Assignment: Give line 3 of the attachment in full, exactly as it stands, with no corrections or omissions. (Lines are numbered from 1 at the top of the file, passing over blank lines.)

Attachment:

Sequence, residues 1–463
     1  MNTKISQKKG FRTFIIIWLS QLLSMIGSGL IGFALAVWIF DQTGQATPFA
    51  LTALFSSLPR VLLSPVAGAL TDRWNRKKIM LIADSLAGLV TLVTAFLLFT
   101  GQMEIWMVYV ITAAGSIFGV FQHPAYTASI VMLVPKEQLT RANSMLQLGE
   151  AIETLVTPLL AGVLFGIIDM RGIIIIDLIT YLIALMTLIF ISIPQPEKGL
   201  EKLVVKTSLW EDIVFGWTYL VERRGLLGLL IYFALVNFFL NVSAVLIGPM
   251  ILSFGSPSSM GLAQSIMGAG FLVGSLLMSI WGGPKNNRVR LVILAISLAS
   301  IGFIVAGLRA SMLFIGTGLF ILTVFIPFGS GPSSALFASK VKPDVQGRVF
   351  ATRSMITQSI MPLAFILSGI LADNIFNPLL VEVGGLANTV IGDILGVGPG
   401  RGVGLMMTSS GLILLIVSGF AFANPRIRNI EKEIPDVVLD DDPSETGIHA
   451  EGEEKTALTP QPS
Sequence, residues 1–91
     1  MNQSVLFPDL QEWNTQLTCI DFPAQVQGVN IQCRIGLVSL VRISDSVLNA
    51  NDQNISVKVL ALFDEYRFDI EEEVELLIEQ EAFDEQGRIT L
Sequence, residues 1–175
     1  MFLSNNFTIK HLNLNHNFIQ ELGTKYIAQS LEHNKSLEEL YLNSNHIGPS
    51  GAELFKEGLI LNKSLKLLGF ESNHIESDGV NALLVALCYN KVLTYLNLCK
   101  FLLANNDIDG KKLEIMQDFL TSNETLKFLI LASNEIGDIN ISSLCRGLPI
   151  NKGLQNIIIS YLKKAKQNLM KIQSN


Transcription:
    51  LTALFSSLPR VLLSPVAGAL TDRWNRKKIM LIADSLAGLV TLVTAFLLFT